Africa. Spending by African companies was on track to increase 20.4% in 2022, which is above the 13.3% growth projected in our mid-year survey but below our initial 18% estimate. Our initial estimate for 2023 is for spending to accelerate 16.1% for 2023, with overall capex rising for the third straight year at an accelerated rate. Africa was impacted the most by Covid, with E&P collapsing to new lows 55% below the 2012 peak. Two straight years of improvements increased capex 24% from the 2020 trough but spending remains 35% below pre-Covid 2019 levels and 45% from the historical peak.  

With growth accelerating to 16.1% in 2023, we forecast capex to increase 44% from the 2020 trough but remain 25% and 37% from 2019 and 2012 levels. At the current pace of growth, spending could approach 2012 levels in 2026. The African Energy Chamber forecasts the continent to increase its annual gas production from 260 Bcm this year to 335 Bcm by 2030, balancing increased exports to Europe with surging domestic demand. 

Asia/Australia. We expected spending by select Indian, Asian and Australian companies to increase 12.6% in 2022, lagging the 19% and 16% growth projected in our mid-year and initial surveys, respectively. With capex little changed from 2016-2018, spending by select operators held up the best during the pandemic, down a modest 8% versus international’s -17% and NAM’s -44%.  Spending quickly rebounded to pre-Covid levels in 2021 and is on track to recover to its highest level in eight years.  

With the projected 19.3% increase that we anticipate for 2023, spending could recover to within 6% of the historical 2013 peak. Despite years of little-to-no growth in spending, the region leads at approximately 30% of total international E&P spending and 23% of global  capex. We forecast the region to account for more than 40% of 2022 International capex growth and 30% of global growth.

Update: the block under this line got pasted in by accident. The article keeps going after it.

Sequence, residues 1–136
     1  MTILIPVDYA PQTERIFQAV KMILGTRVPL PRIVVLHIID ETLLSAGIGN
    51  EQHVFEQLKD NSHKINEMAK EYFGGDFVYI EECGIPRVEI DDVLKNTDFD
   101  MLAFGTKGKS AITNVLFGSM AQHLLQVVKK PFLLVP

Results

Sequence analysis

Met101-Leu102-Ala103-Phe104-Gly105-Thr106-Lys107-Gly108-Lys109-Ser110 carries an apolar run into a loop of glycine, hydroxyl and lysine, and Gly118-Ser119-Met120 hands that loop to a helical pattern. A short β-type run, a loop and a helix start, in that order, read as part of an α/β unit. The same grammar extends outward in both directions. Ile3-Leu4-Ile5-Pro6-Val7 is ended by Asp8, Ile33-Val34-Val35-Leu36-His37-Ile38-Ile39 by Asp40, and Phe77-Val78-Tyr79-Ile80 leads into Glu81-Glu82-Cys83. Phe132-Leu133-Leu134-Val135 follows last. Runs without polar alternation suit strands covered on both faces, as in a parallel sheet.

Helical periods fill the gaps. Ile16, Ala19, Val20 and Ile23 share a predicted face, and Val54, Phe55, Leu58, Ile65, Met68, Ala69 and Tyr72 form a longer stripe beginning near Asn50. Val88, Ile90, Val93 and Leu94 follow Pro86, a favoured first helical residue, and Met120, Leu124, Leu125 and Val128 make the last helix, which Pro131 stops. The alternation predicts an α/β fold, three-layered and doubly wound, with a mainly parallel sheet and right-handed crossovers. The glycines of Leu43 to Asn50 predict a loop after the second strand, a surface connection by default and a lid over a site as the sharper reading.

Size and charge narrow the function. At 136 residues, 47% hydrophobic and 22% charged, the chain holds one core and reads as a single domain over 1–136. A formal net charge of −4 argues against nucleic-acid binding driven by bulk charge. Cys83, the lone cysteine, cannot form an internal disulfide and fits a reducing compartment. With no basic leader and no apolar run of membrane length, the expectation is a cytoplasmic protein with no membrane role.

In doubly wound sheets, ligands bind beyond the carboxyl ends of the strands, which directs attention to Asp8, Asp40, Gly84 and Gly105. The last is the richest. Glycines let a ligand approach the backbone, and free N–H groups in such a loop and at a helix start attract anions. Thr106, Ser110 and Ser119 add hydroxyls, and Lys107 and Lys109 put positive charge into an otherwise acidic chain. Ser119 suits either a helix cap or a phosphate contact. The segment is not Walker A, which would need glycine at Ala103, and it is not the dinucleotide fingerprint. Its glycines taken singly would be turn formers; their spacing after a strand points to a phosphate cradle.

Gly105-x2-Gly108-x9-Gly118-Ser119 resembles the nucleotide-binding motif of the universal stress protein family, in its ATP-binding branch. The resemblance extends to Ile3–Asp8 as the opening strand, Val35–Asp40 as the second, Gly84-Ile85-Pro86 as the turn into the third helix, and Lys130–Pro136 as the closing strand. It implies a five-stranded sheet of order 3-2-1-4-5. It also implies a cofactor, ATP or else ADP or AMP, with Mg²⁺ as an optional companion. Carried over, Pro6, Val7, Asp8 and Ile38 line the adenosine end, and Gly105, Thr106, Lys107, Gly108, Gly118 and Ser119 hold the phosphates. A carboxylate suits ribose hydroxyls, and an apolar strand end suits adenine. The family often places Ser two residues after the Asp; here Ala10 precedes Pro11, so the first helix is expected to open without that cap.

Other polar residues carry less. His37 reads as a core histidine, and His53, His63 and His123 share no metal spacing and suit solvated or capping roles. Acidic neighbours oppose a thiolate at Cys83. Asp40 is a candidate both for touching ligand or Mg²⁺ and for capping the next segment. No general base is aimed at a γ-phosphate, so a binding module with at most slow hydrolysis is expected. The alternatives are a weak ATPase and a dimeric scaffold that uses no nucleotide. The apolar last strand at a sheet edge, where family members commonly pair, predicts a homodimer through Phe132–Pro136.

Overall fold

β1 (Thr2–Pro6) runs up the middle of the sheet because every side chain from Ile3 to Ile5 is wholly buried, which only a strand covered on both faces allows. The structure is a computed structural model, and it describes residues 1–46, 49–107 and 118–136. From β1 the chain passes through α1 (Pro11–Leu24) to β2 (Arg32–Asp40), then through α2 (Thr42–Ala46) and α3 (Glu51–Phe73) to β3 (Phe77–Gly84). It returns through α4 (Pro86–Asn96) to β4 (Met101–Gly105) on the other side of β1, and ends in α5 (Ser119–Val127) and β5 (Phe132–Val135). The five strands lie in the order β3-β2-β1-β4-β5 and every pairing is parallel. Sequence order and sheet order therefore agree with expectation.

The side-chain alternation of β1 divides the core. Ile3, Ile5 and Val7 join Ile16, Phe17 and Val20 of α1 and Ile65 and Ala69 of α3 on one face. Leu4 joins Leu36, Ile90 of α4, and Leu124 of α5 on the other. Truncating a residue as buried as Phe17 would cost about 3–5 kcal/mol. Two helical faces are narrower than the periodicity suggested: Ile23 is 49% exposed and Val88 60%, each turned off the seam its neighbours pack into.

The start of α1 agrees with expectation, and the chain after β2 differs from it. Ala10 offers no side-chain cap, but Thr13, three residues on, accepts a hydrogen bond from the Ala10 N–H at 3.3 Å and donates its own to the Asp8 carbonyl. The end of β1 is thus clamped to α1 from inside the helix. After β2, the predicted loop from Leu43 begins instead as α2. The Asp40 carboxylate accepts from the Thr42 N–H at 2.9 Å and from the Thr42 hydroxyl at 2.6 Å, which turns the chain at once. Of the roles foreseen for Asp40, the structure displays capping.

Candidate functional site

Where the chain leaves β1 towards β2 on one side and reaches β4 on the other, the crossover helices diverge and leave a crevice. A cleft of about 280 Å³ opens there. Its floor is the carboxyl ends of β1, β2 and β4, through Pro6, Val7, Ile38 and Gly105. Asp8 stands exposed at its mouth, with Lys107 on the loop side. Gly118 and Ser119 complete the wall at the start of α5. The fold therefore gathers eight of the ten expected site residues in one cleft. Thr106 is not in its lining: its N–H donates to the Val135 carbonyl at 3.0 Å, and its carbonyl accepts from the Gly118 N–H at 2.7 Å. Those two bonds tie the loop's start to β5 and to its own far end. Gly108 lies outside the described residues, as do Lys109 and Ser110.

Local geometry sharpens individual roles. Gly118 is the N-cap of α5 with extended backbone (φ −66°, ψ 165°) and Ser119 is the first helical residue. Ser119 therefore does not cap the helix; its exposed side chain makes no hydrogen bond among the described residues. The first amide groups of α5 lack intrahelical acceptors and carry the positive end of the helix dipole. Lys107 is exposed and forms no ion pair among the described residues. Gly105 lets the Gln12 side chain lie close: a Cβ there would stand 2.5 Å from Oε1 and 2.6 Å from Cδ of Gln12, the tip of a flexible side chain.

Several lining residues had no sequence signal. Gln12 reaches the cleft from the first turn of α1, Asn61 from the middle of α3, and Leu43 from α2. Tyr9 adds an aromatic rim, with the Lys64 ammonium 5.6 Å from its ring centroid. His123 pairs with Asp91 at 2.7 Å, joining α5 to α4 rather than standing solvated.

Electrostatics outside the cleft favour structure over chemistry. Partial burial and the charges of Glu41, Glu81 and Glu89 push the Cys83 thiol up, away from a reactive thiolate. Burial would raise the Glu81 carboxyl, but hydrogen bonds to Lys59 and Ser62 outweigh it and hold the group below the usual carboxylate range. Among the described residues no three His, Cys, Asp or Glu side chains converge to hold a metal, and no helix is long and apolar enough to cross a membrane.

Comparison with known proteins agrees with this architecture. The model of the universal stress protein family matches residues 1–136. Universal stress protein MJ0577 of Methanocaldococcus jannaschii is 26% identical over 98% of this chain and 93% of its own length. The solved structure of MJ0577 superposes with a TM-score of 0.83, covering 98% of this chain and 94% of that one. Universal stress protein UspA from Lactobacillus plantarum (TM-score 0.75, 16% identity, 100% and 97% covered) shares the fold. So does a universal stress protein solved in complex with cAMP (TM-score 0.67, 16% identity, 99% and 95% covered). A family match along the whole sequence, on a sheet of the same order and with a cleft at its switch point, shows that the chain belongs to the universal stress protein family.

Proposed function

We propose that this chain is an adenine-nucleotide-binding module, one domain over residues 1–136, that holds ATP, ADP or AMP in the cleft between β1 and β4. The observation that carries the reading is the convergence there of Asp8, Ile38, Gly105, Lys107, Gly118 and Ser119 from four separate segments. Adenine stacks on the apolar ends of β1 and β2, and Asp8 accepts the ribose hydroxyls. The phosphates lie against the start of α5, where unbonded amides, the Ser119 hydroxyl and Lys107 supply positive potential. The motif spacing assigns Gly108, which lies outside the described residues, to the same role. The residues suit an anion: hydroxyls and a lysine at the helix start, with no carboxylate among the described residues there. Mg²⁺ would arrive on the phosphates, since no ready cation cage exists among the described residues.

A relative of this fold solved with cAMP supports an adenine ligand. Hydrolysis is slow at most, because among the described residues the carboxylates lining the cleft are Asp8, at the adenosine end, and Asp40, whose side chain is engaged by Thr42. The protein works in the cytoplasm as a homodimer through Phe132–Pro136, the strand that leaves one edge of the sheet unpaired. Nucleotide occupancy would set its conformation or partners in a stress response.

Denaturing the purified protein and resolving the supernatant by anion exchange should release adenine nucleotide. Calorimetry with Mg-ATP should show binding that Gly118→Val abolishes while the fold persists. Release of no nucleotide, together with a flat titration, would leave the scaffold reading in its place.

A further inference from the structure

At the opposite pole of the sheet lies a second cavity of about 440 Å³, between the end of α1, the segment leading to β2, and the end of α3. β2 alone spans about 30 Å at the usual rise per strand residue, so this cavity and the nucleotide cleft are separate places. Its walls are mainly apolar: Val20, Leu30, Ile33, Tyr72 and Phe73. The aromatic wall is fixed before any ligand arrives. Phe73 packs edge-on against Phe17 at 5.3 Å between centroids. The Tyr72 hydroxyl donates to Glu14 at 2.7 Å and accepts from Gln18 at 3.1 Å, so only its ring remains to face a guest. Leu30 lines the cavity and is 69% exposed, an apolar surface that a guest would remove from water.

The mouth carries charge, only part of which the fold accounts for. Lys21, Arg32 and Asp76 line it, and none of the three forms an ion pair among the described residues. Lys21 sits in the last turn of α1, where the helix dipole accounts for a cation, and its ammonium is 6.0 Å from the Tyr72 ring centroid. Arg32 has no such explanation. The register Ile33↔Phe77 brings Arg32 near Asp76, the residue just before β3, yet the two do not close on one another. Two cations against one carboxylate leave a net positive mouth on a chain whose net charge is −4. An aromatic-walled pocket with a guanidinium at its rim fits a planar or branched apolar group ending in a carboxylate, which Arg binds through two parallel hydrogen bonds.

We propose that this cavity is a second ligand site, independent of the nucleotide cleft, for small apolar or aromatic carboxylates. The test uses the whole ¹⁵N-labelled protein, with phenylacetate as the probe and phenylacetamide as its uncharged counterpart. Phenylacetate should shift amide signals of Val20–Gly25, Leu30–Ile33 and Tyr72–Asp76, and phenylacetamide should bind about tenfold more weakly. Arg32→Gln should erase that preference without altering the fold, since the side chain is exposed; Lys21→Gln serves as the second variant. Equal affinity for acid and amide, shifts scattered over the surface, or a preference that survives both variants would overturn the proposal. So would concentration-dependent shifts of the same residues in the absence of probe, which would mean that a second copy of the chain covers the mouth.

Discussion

Europe.  We expected spending by European companies to increase 12.5% in 2022, falling short of the 16% growth projected in our mid-year survey, but above the 11% growth that we had estimated in our initial survey. Two straight years of spending growth increased 2022 capex to within 10% of pre-Covid 2019 levels, with an anticipated 11% increase in 2023 raising capex to 6% above 2019 levels and within 17% of the 2014 historical peak. At the current 11% growth rate, spending could top the historical peak in 2025.  

However, our 2022 and 2023 estimates could also revise lower for weather, operational delays and  increased security risk. With LNG imports hitting a record high of 11.4 million tons in November, the European Commission is evaluating various measures to potentially cap gas prices while implementing price caps on Russian oil supplies. In addition to banning all seaborn Russian oil imports, Russian oil must be bought for less than $60/bbl to use EU tankers, insurance companies and credit institutions. The EC is also implementing its RepowerEU strategy to replace Russian gas supplies by increasing LNG imports while also reducing Europe’s overall gas consumption by 15% through March 2023, with 5% from energy saving measures alone.   

Russia/FSU. We believe spending by Russian and FSU companies increased for a second straight year in 2022, accelerating to 10% from 8% in our mid-year and initial survey. While it has never been easy to obtain a clear picture of spending and activity in Russia, Rosneft is on track to increase 2022 capex 15%, while KazMunayGas has increased its upstream spending 35%. Russian gas giant Gazprom also continues to progress various growth investments, including start-up of production from Semakovskoye field while Kharasavey field is expected to start next year. We believe Russian operators largely executed on 2022 growth as planned, making up for three straight years of decline from extended OPEC+ production cuts. Spending in the region contracted to a new cyclical low in 2020 and spending likely recovered to 2018 levels or 21% from the 2013 peak. Due to ongoing sanctions, we project E&P spending to revert by 10% in the region in 2023. 

About the Authors
James West
Evercore ISI
James West Evercore ISI